BOSTON, Sept. 29, 2023 /PRNewswire/ -- Today, the nearly half-decade legal attack by the U.S. government against John Wilson and his family has ended with the court's resentencing on a single tax charge that resulted in 12 months of probation, a fine, and community service.
Earlier this year, the Court of Appeals for the First Circuit unanimously overturned all core convictions against Mr. Wilson, and the prosecution later dropped those same charges. The Appeals Court decision confirmed what Mr. Wilson's legal team argued from day one ? that he was innocent and that his case was fundamentally different from others in the broader Varsity Blues scandal.
Mr. Wilson was unfairly and unjustly targeted as part of an alleged false conspiracy because the Boston-based prosecutors saw an opportunity to use the sole Massachusetts resident in their initial indictment to further their careers. The government used Mr. Wilson to bring Hollywood celebrities and wealthy West Coast business figures, along with the media spotlight, from California to Boston. Ultimately, the Court of Appeals rejected the false conspiracy argument, but Mr. Wilson and his family were collateral damage in a turf battle to bring this career-building case to Boston.
Mr. Wilson did not commit bribery or fraud. He made legal donations similar to what tens of thousands of other parents give each year to schools including the University of Southern California ("USC"). The recent Fair Admissions U.S. Supreme Court case showed that Harvard has given donor families an average 700% boost in admission rates. This practice is historically common at many universities for qualified applicants, and is still in use today.
Mr. Wilson's three children were all highly qualified for admission based on their own academic and athletic merits:
Despite knowing these facts about his children, prosecutors repeatedly stated in legal filings and to the media that Mr. Wilson's son was an alleged athlete ? a categorically false claim. In fact, it's clear the government knew these facts would present a devastating counter narrative to their case, so they actively blocked all of this evidence in trial.
Mr. Wilson has a three-decade long history of making substantial donations to charity, including many to schools. His will also included giving significant amounts to colleges to fund scholarships for students, like himself, whose parents didn't go to college. Mr. Wilson's donations in this case all went to college programs or IRS approved charities. He got a receipt from USC for his donation, and to this day, USC has kept his money.
As the Appeals Court confirmed, Mr. Wilson's trial was a complete miscarriage of justice. The prosecution blocked key evidence and other legitimate defense motions more than 500 times, never allowing the jury or the public to hear the truth. During his defense, Mr. Wilson's evidence and other motions were denied 98.3% of the time, destroying any chance of a fair trial. In fact, eleven former U.S. Attorneys even took the extraordinary step of publicly criticizing their former colleagues in a public brief, stating that "John Wilson did not receive a fair trial."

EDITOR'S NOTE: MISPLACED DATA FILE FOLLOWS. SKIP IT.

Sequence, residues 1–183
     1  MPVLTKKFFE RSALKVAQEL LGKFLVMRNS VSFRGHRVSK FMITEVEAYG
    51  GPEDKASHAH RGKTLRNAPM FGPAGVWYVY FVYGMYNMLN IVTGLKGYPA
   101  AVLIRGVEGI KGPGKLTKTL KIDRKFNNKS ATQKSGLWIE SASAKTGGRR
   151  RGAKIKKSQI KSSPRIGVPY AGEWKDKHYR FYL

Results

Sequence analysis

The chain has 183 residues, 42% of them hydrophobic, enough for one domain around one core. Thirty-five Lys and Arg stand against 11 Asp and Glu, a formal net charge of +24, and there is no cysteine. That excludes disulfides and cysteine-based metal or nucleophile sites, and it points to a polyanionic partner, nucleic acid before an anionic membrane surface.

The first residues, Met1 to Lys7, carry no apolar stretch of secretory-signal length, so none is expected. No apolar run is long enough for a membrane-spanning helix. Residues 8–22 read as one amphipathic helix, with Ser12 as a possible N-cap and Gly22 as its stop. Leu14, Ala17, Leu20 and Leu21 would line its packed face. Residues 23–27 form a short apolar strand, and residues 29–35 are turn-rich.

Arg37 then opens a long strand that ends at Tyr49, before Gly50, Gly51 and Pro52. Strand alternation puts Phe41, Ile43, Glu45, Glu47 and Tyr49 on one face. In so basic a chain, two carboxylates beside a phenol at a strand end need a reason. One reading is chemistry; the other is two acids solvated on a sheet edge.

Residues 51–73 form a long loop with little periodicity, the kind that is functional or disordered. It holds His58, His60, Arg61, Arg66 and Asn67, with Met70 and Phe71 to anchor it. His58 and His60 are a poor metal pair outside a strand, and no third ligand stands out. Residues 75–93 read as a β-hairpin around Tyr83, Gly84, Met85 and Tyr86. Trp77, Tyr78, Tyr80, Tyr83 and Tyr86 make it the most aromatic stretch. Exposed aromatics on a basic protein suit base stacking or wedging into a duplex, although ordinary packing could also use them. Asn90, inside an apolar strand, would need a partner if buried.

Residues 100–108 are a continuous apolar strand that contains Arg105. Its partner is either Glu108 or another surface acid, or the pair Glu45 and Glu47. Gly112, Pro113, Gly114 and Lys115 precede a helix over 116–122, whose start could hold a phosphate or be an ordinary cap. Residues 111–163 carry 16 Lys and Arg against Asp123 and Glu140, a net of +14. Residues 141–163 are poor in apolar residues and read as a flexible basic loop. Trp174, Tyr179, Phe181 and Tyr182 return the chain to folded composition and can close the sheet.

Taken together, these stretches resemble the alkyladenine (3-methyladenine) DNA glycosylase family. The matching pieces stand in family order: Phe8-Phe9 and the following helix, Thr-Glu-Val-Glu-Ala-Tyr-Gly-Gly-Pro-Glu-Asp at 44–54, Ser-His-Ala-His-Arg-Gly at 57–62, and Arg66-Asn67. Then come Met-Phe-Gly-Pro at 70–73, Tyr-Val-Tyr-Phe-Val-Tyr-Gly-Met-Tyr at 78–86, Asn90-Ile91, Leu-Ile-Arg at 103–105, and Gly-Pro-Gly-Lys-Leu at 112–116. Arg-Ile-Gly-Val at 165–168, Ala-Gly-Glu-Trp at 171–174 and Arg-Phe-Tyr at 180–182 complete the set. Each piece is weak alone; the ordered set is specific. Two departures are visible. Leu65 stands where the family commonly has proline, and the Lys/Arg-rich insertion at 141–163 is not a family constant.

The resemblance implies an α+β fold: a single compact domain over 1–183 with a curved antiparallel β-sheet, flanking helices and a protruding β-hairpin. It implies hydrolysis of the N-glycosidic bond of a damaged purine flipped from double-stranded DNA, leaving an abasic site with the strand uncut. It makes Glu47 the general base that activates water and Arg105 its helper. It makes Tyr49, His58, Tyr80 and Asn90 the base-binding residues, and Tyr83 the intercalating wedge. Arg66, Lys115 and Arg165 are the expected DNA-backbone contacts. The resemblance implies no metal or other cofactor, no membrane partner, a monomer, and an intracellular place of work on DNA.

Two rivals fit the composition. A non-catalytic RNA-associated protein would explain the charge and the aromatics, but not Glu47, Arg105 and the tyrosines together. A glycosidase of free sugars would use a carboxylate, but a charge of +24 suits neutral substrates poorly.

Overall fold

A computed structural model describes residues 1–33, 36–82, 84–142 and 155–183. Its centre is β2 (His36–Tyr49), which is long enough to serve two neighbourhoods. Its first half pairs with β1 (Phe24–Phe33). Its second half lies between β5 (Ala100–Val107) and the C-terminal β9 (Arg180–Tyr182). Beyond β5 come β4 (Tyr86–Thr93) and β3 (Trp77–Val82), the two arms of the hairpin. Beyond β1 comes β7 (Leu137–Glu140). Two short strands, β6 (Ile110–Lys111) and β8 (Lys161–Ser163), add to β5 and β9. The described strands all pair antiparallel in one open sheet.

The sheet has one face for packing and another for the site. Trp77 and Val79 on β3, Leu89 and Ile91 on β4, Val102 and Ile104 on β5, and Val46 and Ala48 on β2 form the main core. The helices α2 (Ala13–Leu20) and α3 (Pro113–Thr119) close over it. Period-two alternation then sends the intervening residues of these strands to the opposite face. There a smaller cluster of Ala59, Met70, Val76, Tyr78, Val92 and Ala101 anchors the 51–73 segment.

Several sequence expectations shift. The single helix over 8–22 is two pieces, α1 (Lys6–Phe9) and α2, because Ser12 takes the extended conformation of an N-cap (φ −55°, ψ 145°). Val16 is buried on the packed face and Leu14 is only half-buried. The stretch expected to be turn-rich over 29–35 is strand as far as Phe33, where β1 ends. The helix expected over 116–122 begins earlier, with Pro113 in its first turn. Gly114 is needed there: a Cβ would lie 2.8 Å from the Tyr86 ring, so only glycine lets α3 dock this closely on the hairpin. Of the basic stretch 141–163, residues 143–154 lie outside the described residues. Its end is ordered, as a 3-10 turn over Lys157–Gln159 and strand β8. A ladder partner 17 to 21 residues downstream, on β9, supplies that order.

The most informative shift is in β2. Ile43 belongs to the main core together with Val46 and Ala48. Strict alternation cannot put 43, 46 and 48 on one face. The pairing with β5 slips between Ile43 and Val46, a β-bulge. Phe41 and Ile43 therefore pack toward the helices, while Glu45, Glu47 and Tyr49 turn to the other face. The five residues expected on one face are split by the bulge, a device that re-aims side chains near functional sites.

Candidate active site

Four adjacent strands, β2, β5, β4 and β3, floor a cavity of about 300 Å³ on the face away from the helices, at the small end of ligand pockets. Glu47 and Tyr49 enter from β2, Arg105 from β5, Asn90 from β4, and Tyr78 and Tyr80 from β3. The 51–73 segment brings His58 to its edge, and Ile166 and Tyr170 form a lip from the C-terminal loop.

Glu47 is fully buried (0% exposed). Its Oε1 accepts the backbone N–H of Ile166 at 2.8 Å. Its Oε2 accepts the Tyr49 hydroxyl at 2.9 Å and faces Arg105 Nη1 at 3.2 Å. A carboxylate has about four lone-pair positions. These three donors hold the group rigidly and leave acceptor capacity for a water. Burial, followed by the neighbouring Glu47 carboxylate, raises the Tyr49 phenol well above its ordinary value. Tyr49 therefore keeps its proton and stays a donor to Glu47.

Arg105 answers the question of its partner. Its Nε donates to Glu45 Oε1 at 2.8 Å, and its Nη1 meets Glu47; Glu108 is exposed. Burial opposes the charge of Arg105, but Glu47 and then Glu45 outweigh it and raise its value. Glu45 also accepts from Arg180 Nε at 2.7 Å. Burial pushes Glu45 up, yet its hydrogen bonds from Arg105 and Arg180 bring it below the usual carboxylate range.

Interested parties can download a copy of key evidence here.
Attorney for John Wilson, Michael Kendall of White & Case LLP, released the following statement:
"It was a terrible injustice to tarnish the Wilson family with the Varsity Blues accusations, and it is finally over. John Wilson did not commit fraud, he did not bribe any universities, and he did not partake in a grand conspiracy. His children were highly successful students who were qualified on their own merits.
Today's sentencing decision to levy a fine of $75,000 with a non-custodial probationary period of 12 months shows the tax count was more of a technical charge than anything else. John was and is a very responsible taxpayer. In fact, not only did he pay 46% of his taxable income in federal income taxes that year, he also substantially overpaid his total taxes by more than $100,000.
The IRS has readily acknowledged it never required a taxpayer to reduce their charitable deduction to a school because their child got help with admissions. That is a common practice throughout private colleges and schools, and the federal government has blessed it with this IRS policy. The evidence conclusively shows the USC Athletics Department secured admissions help for the children of 150 donors, and not a single one of them offset their tax deductions because of the admissions benefit."
John Wilson released the following statement:
"After almost five years of being falsely accused and then wrongly convicted, my family and I are relieved to see our nightmare end. I have spent years defending my innocence and the reputations of my children. Today, it's clear to all that I was telling the truth, I did not violate any laws or school policies.
In fact, I volunteered and passed multiple polygraph tests about all aspects of this case administered by the former chief of the FBI's polygraph program, which were also independently reviewed by the former head of the CIA's worldwide polygraph program.
While I may have been the one on trial, my children were the true victims of this prosecutorial overreach. Contrary to the false narrative put forward by prosecutors and repeated in the media, my children were extraordinary students and athletes who worked hard for everything they earned.
As a parent, it's been devastating to see the prosecution falsely tarnish my children's hard-earned qualifications to support their false narrative that I committed fraud all while I was unable to speak out publicly to correct the record.
What happened to me, and my family should never happen to anyone. I am speaking out against this overreach to start rebuilding my children's reputations and doing whatever I can to help make sure this never happens again to anyone else."
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